With a 2-1 shootout win at the Philadelphia Flyers on Wednesday night, the Capitals extended their point streak to 13 games and improved to 14-2-4, their best start through 20 games in franchise history.

As Capitals Radio host Ben Raby noted Thursday, the victory at Wells Fargo Center was Washington’s 1,474th regular season win since the start of the 1982-83 season, breaking a tie with the Boston Bruins for the most in the NHL during that span.

Boston has played two fewer games than the Capitals this season and could tie the mark as soon as Friday, but it’s still a remarkable nugget, given Washington’s struggles during the team’s miserable beginning in the league.

From their inaugural 1974-75 season through the 1981-82 campaign, the Capitals’ 163 regular season wins were the fewest among the 15 teams that were in the league for all of those eight seasons.

In July 1982, the Capitals were coming off their sixth last-place finish in the five-team Patrick Division in their first eight years. With attendance lagging and financial losses topping $20 million, owner Abe Pollin announced that he would sell or disband the Caps if the team didn’t gain tax relief from Prince George’s County, sell 7,500 season tickets and sell out the first 10 games of the season. Washington had 19 sellouts during its first eight seasons combined.

In the wake of Pollin’s announcement, about 100 fans gathered at Capitals center Dennis Maruk’s restaurant in Alexandria and organized a “Save the Caps” campaign.

“We want to set an example of what a community can do for a sports franchise," committee organizer Terry Coffman told The Washington Post. “This effort is for the town. We lost the Senators and the [Diplomats]. We do not want to be labeled as a bad sports town.”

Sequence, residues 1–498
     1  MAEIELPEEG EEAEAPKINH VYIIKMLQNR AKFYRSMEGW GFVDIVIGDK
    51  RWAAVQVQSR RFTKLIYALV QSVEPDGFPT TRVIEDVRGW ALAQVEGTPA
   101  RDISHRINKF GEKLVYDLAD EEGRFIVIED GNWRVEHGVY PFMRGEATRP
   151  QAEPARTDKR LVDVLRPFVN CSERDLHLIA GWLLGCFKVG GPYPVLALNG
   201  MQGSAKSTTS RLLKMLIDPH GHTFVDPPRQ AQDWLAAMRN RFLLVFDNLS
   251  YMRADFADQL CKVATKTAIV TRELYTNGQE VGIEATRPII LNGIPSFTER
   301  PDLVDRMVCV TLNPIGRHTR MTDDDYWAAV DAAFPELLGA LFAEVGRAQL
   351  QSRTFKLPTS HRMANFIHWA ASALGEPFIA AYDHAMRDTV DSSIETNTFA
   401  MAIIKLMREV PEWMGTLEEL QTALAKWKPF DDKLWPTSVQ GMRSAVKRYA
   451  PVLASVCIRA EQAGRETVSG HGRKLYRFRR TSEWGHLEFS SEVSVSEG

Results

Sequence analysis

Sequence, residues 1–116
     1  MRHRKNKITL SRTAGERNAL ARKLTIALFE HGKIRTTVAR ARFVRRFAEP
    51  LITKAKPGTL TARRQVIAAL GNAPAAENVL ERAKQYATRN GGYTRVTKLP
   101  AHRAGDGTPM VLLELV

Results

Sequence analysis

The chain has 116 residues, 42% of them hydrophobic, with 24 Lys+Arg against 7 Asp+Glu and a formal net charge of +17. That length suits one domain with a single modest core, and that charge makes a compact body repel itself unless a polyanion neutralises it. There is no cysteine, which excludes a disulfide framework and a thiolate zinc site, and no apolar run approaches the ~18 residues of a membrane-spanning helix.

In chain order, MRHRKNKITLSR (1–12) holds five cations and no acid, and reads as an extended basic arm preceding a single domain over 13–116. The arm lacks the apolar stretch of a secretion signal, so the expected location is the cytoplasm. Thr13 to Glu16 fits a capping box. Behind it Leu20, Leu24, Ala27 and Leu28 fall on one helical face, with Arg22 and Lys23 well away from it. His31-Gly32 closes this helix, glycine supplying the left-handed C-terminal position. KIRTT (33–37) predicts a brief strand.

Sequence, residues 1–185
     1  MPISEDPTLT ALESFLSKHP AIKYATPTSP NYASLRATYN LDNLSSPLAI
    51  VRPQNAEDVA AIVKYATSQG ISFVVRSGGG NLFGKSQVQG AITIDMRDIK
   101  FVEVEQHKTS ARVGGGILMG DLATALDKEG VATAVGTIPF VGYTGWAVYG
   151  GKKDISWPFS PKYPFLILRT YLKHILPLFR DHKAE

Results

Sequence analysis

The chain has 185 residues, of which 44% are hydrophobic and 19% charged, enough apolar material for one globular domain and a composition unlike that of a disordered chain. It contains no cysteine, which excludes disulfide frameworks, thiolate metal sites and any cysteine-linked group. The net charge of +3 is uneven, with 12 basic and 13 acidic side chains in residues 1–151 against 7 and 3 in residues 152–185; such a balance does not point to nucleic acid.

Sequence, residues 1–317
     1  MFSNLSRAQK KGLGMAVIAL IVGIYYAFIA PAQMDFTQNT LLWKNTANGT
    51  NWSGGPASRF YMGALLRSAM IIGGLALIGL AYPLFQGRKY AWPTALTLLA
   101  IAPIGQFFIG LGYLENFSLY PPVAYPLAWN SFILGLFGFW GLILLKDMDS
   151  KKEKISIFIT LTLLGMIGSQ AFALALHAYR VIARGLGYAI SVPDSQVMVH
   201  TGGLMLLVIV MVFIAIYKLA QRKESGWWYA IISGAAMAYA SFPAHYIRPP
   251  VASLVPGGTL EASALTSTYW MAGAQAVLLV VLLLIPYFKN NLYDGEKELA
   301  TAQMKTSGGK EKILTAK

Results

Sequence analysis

The group distributed “Save the Caps” fliers, contacted businesses and held a fundraising drive to purchase a few thousand season tickets that were pledged to charities. They manned the phones at Capital Centre and hosted a radiothon.

In late August, Pollin announced at a meeting of the Prince George’s County Council that the Capitals would continue operations at Capital Centre for the 1982-83 season. At the same time, Dick Patrick, Jim Lewis and Marty Irving, partners in a Virginia real estate company, were announced as limited partners in the team.

The following week, Pollin followed Patrick’s advice and hired David Poile, who previously was the assistant general manager for the Calgary Flames, to replace Roger Crozier as the GM in Washington. Poile accepted the job under the condition that Bryan Murray remain the coach. The Capitals made the playoffs for the first time in 1983 — and in 14 of Poile’s 15 seasons in charge.

Patrick, who remains the Capitals’ team president, has presided over the NHL’s winningest franchise over the past 36-plus seasons, and his name was engraved on the Stanley Cup after the team’s first title in 2018. Washington has recorded the NHL’s third-most points (3,303) since 1982, 45 fewer than the Bruins. The Capitals’ 135 playoff wins during that time are the 10th most, and their 282 playoff games rank seventh.

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